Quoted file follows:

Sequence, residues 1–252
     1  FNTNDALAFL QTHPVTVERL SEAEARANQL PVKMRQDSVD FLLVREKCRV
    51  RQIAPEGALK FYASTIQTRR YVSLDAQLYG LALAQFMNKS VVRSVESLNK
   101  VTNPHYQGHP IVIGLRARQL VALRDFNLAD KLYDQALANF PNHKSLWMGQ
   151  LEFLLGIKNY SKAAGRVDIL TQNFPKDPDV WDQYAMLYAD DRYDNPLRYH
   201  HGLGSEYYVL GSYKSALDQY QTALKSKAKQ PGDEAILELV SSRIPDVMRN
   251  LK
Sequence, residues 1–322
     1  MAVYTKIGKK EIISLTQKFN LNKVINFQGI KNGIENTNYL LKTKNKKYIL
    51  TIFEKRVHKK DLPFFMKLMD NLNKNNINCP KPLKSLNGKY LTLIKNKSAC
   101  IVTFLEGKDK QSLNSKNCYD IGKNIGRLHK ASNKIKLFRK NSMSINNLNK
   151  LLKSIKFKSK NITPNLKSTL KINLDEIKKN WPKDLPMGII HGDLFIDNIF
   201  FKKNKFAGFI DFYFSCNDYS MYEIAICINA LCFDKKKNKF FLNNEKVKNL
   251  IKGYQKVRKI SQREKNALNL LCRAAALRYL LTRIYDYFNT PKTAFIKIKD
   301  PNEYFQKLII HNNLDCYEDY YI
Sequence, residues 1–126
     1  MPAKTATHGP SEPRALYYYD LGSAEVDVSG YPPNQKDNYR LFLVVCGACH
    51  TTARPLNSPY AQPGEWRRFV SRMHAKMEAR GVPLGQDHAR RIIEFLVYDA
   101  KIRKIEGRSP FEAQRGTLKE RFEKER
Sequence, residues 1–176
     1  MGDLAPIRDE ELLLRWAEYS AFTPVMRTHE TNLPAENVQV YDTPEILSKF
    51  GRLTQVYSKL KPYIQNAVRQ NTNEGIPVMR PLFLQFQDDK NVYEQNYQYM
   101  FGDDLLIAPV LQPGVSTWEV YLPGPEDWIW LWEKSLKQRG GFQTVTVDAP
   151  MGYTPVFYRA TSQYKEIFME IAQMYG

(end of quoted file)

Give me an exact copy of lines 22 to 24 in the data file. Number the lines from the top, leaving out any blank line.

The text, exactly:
    51  GRLTQVYSKL KPYIQNAVRQ NTNEGIPVMR PLFLQFQDDK NVYEQNYQYM
   101  FGDDLLIAPV LQPGVSTWEV YLPGPEDWIW LWEKSLKQRG GFQTVTVDAP
   151  MGYTPVFYRA TSQYKEIFME IAQMYG